December 17, 2013
Cave Finding Confirms That Neanderthals Buried Their Dead
redOrbit Staff & Wire Reports - Your Universe Online
A 50,000-year-old Neanderthal skeleton discovered in a cave in southwestern France was intentionally buried, a finding that confirms burials took place in Western Europe prior to the arrival of modern humans.
“This discovery not only confirms the existence of Neanderthal burials in Western Europe, but also reveals a relatively sophisticated cognitive capacity to produce them,” said William Rendu, the study’s lead author and a researcher at NYU's Center for International Research in the Humanities and Social Sciences. The findings, which appear in the journal Proceedings of the National Academy of Sciences, were part of a 13-year study of the former Neanderthal lair in France and provide further evidence that Neanderthals weren’t stupid, the researchers said.
The conclusion that Neanderthals buried their dead centers on remains first discovered in 1908 at La Chapelle-aux-Saints in southwestern France. The well-preserved bones led its early 20th-century excavators to speculate that the site marked a burial ground created by a predecessor to early modern humans. That theory has sparked controversy in the scientific community ever since, with skeptics claiming that the discovery had been misinterpreted and that the burial may not have been intentional.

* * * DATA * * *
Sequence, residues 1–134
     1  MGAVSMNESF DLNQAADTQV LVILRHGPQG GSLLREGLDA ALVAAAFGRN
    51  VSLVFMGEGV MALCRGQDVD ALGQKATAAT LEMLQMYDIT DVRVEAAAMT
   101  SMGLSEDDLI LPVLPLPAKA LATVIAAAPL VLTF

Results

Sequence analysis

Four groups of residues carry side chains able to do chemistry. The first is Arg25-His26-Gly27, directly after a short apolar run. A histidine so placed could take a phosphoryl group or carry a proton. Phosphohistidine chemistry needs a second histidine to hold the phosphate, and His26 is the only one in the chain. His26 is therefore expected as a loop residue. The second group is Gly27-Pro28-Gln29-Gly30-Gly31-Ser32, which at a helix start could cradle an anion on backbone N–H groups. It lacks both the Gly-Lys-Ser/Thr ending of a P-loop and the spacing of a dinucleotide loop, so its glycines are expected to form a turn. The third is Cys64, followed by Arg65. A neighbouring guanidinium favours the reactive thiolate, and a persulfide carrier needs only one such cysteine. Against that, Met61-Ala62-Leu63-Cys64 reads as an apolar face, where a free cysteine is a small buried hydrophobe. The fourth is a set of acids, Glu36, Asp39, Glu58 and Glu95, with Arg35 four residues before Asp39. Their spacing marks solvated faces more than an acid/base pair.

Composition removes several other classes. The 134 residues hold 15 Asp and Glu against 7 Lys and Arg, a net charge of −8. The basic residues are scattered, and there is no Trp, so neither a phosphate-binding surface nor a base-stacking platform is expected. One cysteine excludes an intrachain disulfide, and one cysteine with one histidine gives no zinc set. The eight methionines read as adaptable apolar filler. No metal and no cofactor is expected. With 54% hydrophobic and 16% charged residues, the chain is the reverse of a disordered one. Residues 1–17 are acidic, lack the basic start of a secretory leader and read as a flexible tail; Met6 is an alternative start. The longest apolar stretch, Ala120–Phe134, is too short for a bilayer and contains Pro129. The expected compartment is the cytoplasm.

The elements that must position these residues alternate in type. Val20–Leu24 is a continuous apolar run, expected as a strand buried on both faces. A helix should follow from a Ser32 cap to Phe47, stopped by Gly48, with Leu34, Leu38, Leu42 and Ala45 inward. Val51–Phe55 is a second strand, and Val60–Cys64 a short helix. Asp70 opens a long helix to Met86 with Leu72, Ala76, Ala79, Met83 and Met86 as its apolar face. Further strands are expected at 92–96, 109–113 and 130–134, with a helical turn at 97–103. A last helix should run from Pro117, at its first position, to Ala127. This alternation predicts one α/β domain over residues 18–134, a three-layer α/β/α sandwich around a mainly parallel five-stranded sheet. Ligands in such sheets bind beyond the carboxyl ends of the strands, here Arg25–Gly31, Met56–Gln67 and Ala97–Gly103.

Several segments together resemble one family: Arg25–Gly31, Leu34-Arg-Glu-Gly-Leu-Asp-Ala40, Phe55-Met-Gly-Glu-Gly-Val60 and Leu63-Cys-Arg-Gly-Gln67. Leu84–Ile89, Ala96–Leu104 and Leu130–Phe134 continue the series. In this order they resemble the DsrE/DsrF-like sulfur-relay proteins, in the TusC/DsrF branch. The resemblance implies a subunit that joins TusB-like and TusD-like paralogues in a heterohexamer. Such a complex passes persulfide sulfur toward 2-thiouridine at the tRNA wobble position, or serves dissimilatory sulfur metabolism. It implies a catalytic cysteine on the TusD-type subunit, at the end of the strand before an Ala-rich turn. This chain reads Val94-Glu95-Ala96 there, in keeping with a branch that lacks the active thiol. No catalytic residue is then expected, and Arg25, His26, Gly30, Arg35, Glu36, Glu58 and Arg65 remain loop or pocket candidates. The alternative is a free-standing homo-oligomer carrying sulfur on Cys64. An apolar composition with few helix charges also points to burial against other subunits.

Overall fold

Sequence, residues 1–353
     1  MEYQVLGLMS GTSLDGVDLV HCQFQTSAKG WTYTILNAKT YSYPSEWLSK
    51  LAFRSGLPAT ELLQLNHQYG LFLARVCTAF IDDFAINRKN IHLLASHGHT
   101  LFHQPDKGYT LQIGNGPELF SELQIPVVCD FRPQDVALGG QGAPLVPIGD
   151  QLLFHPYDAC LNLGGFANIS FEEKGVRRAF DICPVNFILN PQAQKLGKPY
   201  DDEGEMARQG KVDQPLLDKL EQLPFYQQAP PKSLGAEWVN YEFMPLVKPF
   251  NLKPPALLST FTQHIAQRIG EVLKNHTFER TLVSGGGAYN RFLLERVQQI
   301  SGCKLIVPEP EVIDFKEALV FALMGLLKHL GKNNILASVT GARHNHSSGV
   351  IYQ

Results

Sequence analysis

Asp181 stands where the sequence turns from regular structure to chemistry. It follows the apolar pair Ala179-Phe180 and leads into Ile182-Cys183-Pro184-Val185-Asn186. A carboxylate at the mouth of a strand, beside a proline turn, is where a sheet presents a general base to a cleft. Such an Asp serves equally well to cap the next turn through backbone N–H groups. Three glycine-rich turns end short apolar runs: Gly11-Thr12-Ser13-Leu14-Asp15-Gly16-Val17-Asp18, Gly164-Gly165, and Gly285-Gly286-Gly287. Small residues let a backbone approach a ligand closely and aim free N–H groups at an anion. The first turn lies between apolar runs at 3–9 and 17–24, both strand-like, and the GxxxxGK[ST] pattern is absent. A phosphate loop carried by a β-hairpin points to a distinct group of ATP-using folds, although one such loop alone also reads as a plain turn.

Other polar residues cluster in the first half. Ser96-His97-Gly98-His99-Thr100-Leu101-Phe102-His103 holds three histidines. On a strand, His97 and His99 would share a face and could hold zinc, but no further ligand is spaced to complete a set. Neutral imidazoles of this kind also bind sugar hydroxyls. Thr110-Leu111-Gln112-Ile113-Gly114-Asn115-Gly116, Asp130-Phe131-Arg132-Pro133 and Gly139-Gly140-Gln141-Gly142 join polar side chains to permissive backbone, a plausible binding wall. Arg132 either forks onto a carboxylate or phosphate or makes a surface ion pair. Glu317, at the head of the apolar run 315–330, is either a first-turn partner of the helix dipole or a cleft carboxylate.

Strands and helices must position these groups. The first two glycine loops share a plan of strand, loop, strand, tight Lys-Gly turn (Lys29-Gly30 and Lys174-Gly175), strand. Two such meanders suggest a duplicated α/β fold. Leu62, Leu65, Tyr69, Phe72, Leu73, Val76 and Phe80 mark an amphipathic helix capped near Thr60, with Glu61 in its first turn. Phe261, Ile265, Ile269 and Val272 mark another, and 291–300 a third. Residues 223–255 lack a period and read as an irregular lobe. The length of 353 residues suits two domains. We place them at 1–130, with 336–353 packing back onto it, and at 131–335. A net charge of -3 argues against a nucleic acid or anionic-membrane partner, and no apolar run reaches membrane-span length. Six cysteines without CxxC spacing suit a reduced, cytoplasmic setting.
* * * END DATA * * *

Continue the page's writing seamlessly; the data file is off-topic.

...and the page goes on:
Between 1999 and 2012, Rendu and colleagues excavated seven other caves in the area, and found more Neanderthal remains – two children and one adult – along with bones of bison and reindeer.
Although they didn’t find tool marks or other evidence of digging where the initial skeleton was unearthed in 1908, geological analysis of the depression in which the remains were found suggest that it was not a natural feature of the cave floor.
As part of the current study, the researchers re-examined the human remains uncovered in 1908, and found that the Neanderthal remains contained few cracks, unlike the reindeer and bison remains at the site. The Neanderthal remains also contained no weather-related smoothing and no signs of disturbance by animals.
"The relatively pristine nature of these 50,000-year-old remains implies that they were covered soon after death, strongly supporting our conclusion that Neanderthals in this part of Europe took steps to bury their dead," said Rendu.
"While we cannot know if this practice was part of a ritual or merely pragmatic, the discovery reduces the behavioral distance between them and us."
The idea that Neanderthals buried their dead corresponds with recent findings that they were capable of symbolic thought and of creating deep cultures. Evidence from the La Chapelle site also suggests Neanderthals cared for their sick and elderly, and organized their homes in a manner similar to humans.